The nostalgia is real. While the range of TV shows has never been wider, we can’t help but gravitate back to our old favourites. And no longer do we need to rely on networks providing reruns or buying bulky collections of VHS tapes or DVD’s that stretch and scratch. Streaming services know very well our love for the classics and pay good money to ensure we have our TV idols at our beck and call 24/7. At SWAG, we love to celebrate the good ol’ days. Here are a few of our favourite classics in all their non-widescreen, standard definition glory.
The Simpsons are both a retro classic staple and a modern agent of chaos and destruction...it depends on who you talk to. Although, we’ll admit that it has redeemed itself a little in the last few seasons. Sadly though, most of the original cast has moved on and while voice actors have stepped in to fill their shoes, it’s just not quite the same. But all good things must come to an end. Mourning of our loss aside, we will forever have the first 8 seasons that are more or less flawless and what most of us continue to quote to this day.
The writing team for the original seasons were made up of some smart and talented cookies. Amongst the writers were Harvard graduates, mathematicians, and Conan O’Brien (a Harvard Graduate himself). Conan wrote some of the most memorable episodes including “Marge vs. the Monorail” and “Homer Goes to College” and at one point was being considered for the job of showrunner. Amazingly, the original seasons of The Simpsons don’t age and they remain relevant and funny to this day.
We were never on a break with Friends. Though the recent Friends Reunion Special brought the cast back together on our screens one more time, the show has remained as popular as ever. It lives on through regular daily reruns on network TV and the show is available across multiple streaming platforms across the globe. It’s reported that the show still brings in over US$1 billion (yes, with a ‘b’) for Warner Bros. every year thanks to syndication.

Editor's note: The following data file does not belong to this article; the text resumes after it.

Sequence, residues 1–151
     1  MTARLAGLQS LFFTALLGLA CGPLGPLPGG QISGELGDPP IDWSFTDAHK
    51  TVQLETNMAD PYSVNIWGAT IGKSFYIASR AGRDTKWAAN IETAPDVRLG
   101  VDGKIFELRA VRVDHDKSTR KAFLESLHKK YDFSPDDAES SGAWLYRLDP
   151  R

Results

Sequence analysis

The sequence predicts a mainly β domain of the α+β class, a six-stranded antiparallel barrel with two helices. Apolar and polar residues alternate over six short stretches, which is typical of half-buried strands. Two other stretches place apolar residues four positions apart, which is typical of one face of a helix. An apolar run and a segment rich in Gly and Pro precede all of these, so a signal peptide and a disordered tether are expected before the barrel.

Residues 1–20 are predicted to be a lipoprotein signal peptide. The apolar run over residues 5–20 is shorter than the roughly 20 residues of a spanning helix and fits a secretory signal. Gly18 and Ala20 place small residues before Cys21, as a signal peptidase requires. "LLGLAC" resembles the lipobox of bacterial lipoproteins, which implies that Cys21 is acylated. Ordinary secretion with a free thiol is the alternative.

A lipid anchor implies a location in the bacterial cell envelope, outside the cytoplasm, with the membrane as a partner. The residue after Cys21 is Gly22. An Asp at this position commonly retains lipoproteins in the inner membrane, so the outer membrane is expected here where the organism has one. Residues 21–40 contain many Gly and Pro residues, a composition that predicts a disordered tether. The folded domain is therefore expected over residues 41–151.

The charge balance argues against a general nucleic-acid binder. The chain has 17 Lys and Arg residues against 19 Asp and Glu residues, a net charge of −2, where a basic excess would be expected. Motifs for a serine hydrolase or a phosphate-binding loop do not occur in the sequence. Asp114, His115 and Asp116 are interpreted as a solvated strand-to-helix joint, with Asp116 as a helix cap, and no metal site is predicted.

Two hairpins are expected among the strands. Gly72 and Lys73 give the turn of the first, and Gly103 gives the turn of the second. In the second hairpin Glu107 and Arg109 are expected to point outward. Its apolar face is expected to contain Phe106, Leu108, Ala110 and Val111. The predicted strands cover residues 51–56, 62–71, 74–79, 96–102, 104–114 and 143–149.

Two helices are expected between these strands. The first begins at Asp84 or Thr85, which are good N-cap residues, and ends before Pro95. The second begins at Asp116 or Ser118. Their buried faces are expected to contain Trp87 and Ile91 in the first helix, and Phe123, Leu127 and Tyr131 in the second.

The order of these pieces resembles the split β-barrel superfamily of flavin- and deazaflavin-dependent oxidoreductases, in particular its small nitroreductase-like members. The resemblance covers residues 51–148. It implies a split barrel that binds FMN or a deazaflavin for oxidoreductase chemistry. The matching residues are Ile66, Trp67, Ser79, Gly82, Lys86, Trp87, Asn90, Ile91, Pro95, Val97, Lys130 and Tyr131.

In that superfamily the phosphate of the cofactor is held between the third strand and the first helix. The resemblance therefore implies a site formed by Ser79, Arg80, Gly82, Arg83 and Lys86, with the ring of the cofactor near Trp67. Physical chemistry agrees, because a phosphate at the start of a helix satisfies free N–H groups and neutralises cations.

Friends transcends time and we all have memories of watching episodes as if the six cast members were a part of our own lives. Streaming has completely changed the face of television and thanks to cable networks and services like Netflix, shows will never command the audience that shows like Friends would on a weekly basis. The final episode was the fourth most-watched TV show finale in history with an estimated 52.5 million viewers, ranking behind M*A*S*H (106 million viewers), Cheers (80.4 million) and Seinfeld (76.3 million).
A personal penchant for Seinfeld will no doubt be detected here by the reader so we’ll come out and say it, Seinfeld is great. As with all shows, it has some flaws that are becoming more pronounced with age but the nature and premise of the show remain wonderful. The show had an edge of darkness and self-ridicule that it traversed delicately and with class. It could tackle themes and issues that no other show could at the time. And it worked variety into its writing that was at one point dubbed by one NBC executive as “arrogant” until they saw the finished episode.
For the fans, the episode in question was “The Chinese Restaurant”. The idea of an entire episode being scripted and filmed in the waiting area of a Chinese restaurant was ground-breaking at the time. Due to the risk the studio felt it was taking, it was relegated out of order to the end of season two in case it turned viewers off from watching the rest of the contracted season. As we know now, it was a hit and is one of the best-loved episodes from the series.
Other risky episodes that broke down barriers were ‘The Contest’ and ‘The Outing’, less for the topic but more for the way the topic was handled. The writing team could walk a fine line between ‘crass and offensive’ and ‘respectful and humorous’. Their take was funny, but best of all it was relatable in a unique and sometimes twisted way.
I Could Go On...
No doubt you’ve got your own memories and opinions of watching these TV shows in the 90’s and naughties, cargo pants, frosted tips and all. Where were you when the finales of Seinfeld and Friends aired? They were simpler times, weren’t they? Next time you’re watching your favourite episodes of The Simpsons, Friends and Seinfeld, cozy up with the matching Soxers and Boxers from SWAG for some cozy viewing.